The Priest

2021 Jan 09

I stood above a giant, spring-fed pool. Once a site for baptisms, it had become a nationally renowned hotspot for voodoo.

An internationally renowned, seven day voodoo festival had just ended. People had sacrificed cows and goats, draining their blood and throwing their entrails into the pool. Cases of sugar cane rum had been poured in, too.

The pool was completely filthy and bubbling. Its stench reached our nostrils as we looked around for people to share the gospel with. We could not help but feel disgusted, but we were there to bring light into darkness. More than anything we felt sad for the people who were there – they were so deceived.

Our attempts to talk about Jesus were met with resistance or annoyance and, after a while, we began to leave. Then a man of around sixty rode up to us on a bicycle.

He introduced himself in broken English as Gregory. He asked what we were doing and if we had any questions about the festival. As we peppered him with questions he began to open up. He explained that he was a voodoo priest. To our surprise he also had quite a bit of understanding about Christianity. 

Before we left I asked him if we could pray a blessing on him. He immediately stepped back and said, “No, that would be very unwise.” He said that, as a voodoo priest serving satan, if we prayed a blessing from Jesus on him, it would be like two live wires touching – it would cause an explosion!

He then asked a very interesting question: “Did God tell you to come here tonight?” I told him that God had spoken to our family to come to Haiti and share the gospel of Jesus Christ to anyone who would listen.

“So you’re telling me,” he said, “that God told you to come here this night?” I said, yes, that would be the case. He responded, “If God told you to come, then yes, you can pray for me.”

We laid hands on him as a group and prayed a blessing on him. There was nothing eventful or spectacular about the prayer or that moment but in faith we spoke out blessing over this lost man. 

Before we left, we told him where he could find us if he had any other questions about Jesus or spiritual things. He thanked us and we said goodbye.

The next day I was teaching the DTS and explained to the class what had happened. We all stopped and prayed that Gregory would come to see us and have a hunger for more of Jesus. It was not a prayer of great faith – more of a prayer of obedience.

Then, about six hours later, Gregory knocked on our gate! In disbelief we invited him in. He proceeded to explain that when we prayed for him, he felt a sort of heat or electricity in his body. He recognized that this must be from God and was seeking salvation and relationship with Jesus.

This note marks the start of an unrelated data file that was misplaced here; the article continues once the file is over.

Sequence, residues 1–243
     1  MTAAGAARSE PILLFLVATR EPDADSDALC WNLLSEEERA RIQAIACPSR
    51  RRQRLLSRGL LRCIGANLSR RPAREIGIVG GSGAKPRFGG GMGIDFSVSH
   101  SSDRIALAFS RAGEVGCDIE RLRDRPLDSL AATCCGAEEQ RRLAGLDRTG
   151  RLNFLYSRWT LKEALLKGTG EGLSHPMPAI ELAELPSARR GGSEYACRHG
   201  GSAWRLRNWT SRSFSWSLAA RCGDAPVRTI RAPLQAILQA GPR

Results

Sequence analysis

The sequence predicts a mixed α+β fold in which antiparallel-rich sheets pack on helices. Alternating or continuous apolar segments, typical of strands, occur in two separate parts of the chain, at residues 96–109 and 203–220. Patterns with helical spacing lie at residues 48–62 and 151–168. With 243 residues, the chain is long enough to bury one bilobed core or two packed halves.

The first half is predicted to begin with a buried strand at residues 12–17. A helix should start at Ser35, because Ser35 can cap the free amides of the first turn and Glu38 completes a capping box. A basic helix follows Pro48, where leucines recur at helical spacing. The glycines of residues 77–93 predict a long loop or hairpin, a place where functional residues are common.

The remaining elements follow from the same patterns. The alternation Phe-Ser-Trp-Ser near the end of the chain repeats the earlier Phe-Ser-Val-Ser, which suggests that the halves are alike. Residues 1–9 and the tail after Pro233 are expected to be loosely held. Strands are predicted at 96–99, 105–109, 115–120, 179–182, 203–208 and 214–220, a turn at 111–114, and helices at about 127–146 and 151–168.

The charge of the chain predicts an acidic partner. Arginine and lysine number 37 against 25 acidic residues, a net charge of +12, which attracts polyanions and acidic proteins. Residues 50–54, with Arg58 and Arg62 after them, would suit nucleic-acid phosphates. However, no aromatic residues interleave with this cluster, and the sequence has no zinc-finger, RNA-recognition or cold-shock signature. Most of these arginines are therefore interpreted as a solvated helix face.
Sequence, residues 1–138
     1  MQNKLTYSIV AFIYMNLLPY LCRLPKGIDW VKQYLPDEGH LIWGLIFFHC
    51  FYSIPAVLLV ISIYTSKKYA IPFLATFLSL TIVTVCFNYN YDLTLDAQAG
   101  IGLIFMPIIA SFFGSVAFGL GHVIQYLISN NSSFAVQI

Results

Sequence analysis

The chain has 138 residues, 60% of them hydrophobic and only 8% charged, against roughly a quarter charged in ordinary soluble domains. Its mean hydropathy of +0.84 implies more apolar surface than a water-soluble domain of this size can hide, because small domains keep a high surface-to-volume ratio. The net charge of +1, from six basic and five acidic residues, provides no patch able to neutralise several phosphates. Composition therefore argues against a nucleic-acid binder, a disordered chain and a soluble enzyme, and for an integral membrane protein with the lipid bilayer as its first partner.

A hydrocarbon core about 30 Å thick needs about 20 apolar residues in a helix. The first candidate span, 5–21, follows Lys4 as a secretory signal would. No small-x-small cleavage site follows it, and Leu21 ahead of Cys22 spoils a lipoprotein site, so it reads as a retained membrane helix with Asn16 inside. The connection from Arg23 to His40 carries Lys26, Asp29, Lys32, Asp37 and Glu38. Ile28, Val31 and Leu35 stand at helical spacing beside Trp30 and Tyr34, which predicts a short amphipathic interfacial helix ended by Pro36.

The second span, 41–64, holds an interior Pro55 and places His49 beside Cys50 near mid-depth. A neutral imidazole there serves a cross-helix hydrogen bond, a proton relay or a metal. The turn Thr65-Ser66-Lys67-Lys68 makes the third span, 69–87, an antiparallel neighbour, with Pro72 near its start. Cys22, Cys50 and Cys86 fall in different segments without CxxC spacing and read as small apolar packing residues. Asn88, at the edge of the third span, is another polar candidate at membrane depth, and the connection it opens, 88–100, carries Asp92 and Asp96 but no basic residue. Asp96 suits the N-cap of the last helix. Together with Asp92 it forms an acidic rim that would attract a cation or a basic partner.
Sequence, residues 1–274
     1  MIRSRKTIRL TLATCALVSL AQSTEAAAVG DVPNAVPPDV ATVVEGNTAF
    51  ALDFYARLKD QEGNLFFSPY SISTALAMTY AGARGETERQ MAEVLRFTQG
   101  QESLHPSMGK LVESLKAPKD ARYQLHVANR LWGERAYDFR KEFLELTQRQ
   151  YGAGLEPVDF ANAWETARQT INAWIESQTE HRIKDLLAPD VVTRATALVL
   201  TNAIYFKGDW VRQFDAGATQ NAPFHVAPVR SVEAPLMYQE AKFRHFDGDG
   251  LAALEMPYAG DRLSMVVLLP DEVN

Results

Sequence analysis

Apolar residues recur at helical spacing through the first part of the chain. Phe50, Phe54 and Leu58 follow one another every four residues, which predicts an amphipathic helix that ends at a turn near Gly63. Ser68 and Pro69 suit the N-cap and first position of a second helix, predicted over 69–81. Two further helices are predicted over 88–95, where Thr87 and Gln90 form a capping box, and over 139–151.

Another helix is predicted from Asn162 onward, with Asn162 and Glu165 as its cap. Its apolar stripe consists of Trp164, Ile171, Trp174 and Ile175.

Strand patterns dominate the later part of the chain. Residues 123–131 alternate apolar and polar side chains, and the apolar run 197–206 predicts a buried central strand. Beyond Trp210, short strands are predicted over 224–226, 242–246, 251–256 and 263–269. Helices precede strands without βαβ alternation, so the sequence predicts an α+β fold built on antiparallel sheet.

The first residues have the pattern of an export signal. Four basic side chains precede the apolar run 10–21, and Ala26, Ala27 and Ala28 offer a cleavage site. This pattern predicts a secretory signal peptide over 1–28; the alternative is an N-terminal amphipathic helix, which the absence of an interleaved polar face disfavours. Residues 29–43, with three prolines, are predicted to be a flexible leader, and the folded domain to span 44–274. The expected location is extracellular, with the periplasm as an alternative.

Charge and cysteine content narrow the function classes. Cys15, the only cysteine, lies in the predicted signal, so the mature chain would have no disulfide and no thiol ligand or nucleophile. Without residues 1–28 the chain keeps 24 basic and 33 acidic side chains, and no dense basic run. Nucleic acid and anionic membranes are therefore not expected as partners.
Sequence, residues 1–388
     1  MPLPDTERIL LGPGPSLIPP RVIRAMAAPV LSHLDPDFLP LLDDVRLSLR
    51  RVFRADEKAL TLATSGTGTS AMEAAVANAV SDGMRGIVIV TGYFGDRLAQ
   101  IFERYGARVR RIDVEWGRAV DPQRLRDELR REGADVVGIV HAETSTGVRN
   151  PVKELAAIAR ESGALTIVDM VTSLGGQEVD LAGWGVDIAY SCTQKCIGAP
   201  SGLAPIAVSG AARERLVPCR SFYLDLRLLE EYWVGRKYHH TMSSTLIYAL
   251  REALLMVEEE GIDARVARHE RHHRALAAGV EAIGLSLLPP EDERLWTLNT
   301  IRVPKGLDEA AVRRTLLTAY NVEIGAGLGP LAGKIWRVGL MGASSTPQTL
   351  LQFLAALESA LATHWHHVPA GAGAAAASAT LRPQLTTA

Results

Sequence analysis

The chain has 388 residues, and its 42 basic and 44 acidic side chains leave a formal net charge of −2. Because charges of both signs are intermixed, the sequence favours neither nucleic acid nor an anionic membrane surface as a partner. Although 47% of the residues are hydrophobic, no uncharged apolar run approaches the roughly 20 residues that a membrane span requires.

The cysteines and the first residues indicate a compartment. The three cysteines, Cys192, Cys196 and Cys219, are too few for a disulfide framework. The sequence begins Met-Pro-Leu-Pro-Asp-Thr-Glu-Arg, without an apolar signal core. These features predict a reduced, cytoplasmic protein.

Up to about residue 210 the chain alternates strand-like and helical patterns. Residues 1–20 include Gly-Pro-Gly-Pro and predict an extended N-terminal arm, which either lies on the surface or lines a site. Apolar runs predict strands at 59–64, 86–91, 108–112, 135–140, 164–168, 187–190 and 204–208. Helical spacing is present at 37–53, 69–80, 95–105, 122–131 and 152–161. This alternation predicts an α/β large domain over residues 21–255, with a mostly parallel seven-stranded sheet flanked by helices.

We led him through a prayer of repentance, and he accepted Christ. He immediately told us we needed to come back to his house to pray for his pregnant wife.

We went to their home, which was a small tin shack. He invited us in and in the corner we saw a huge voodoo shrine with candles, incense, human bones and pieces of paper with curses written on them. 

We explained the gospel to Gregory’s wife Jaunty and he told her she needed to stop practicing voodoo and turn from her sins. She was not sure and said she wanted to think about it. We told her that was fine, that she should take time to consider the cost. Then we asked if we could pray a blessing over her. 

She said yes and two women from our team laid their hands on her pregnant belly and prayed.

Two days later we returned and Jaunty said she wanted to commit her life to Christ. She told us that she had never felt her baby move around like it had during our prayer. To her, that was proof that the spirit of God was at work.

I thought this was totally amazing – here an unborn baby was leading its mother to Christ! Just as John the Baptist leaped in his mother’s womb, this baby leapt in response to the presence of Christ in our prayer.

We visited Gregory and Jaunty a few days later and were told that she had thrown all her voodoo things down the pit toilet. I was skeptical, so at an opportune moment, I excused myself to use the bathroom. I shone my phone’s light down the toilet and, sure enough, all her voodoo things were down there floating around in the sewage. To me, the fact that she did this on her own accord, with no prompting from us, showed the reality of her conversion.

Now, a year later, we remain friends with Gregory and Jaunty and they help us with our mission in Haiti.

Sean Murphy, DTS Director
YWAM Ships Kona

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